I don't think this will lead to underestimation of FDR. Your results will certainly be worse than if you could use enzyme specificity, but equally valid. Also keep in mind with such a large search space there is a higher-than-normal frequency of identical sequences between the target and decoy databases, so you might have to deal with that. But overall people have showed this strategy is feasible. High-resolution MS/MS would certainly help.

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Postby m/z » Fri Feb 21, 2014 1:06 am

Thanks for the input.
One more question: What about identification of "micro-petides" of, say, only three residues. The smaller a peptide is the lower search score it will give right? So smaller peptides are more difficult to find. Or... ?

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Postby achimt » Fri Feb 21, 2014 1:41 am

The main problem with short peptides is that they could match many different proteins. ProteinProspector (http://prospector.ucsf.edu/prospector/cgi-bin/msform.cgi?form=mspattern) is one tool that you can use to estimate how often e.g. a particular tripeptide sequence will occur in a specific proteome. One example would be EHP, which occurs 16338 times in the human proteome.

m/z
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Postby m/z » Fri Feb 21, 2014 2:00 am

Of cause. I didn't think of that. Thank you!

Craig
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Postby Craig » Fri Feb 21, 2014 8:41 am

m/z wrote:One more question: What about identification of "micro-petides" of, say, only three residues. The smaller a peptide is the lower search score it will give right? So smaller peptides are more difficult to find. Or... ?


Peptides this short are definitely very difficult to identify by mass spec. Since there are only 4 fragment ions to match for a 3-mer peptide, the chance of many or all of those being a spurious match is extremely high. For searches with no enzyme specificity I believe a minimum length of 5 or 6 is often used.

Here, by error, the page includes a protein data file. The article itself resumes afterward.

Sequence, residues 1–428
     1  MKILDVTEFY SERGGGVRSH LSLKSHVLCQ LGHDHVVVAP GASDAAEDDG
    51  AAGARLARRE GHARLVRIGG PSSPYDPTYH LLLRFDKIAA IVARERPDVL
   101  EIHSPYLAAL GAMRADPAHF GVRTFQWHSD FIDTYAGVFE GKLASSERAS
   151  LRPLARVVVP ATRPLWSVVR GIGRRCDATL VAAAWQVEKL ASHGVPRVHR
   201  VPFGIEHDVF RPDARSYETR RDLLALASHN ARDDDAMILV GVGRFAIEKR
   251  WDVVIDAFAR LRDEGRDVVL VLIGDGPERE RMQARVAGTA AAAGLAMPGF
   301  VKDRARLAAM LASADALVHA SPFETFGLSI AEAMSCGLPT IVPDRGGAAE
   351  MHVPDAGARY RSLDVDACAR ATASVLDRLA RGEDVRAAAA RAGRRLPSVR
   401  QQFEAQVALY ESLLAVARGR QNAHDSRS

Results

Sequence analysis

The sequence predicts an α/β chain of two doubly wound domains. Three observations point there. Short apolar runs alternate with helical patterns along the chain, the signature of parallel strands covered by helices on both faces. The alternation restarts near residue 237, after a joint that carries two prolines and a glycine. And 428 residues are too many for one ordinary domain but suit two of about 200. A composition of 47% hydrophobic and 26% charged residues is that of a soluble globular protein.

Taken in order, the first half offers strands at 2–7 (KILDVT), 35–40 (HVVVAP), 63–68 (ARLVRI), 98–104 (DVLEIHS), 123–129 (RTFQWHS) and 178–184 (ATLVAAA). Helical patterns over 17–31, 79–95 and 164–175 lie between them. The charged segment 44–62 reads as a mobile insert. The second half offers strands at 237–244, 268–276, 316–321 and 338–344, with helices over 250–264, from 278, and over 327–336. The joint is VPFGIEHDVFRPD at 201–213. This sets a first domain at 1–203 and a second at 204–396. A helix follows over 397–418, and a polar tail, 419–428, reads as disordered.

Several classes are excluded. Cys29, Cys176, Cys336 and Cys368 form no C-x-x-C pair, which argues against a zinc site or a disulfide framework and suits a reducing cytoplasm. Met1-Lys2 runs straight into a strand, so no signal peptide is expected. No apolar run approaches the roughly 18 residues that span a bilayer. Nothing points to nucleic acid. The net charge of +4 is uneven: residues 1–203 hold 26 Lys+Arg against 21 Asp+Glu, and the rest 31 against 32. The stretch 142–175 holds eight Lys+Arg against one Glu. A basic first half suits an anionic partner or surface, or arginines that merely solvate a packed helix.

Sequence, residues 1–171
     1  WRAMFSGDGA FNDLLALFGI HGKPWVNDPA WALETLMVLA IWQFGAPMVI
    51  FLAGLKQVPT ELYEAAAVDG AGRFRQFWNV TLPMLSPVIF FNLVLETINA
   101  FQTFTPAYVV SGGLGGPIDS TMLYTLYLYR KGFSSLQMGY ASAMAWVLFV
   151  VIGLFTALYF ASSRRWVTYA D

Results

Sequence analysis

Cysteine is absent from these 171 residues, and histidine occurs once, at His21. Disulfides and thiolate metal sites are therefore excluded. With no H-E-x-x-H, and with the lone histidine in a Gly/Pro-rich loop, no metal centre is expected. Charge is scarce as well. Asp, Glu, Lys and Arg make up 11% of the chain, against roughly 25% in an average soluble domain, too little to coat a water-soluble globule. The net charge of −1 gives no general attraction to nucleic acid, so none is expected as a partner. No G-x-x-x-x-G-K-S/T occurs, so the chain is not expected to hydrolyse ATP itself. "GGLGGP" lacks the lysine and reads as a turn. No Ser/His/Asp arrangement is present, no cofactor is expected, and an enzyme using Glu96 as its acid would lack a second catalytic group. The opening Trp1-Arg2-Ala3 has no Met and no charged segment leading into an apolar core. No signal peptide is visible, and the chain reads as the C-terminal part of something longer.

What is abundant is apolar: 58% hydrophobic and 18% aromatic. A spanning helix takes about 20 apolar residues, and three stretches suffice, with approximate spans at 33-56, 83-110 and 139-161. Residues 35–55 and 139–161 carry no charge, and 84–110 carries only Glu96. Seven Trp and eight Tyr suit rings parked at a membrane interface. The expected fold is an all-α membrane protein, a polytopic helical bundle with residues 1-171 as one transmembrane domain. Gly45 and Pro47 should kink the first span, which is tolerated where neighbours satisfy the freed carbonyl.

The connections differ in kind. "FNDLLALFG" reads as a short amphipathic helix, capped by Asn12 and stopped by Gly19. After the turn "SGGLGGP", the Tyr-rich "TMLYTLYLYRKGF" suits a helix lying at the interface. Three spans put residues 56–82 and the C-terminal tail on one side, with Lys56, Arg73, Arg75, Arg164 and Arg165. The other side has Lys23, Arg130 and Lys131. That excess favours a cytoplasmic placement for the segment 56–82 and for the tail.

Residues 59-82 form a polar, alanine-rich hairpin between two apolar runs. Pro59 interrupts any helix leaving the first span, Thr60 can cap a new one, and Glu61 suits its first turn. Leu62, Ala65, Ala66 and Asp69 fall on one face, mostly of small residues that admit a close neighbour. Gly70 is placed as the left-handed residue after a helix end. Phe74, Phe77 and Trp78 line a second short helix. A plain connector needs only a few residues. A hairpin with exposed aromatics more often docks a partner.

And as achimt said, peptides this short are usually unhelpful anyway because they lack protein specificity.

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Postby AAlpert » Fri Feb 21, 2014 8:51 am

You might consider isolating the peptides in the 3-mer range by chromatography before attempting to identify them by MS. Our PolyHYDROXYETHYL A columns (100- or 200-Ã… pore), run in the SEC mode with 50 mM formic acid, will afford nice separations of peptides with 3-4, 5-6, or 7-8 residues. Alfred Goldberg's group at Harvard used them to identify the products of proteasome action, which are peptides in the 3-6 residue range. The columns are also routinely used to assess the distribution of small peptides in protein hydrolyzates used for food. Here's a link to my book chapter on the subject:
http://www.polylc.com/downloads/SEC_book_chapter_ver1.pdf

Andy Alpert
PolyLC Inc.

m/z
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Postby m/z » Sat Feb 22, 2014 5:13 am

@Craig & AAlpert: Thanks for the advice and suggestions. I appreciate it.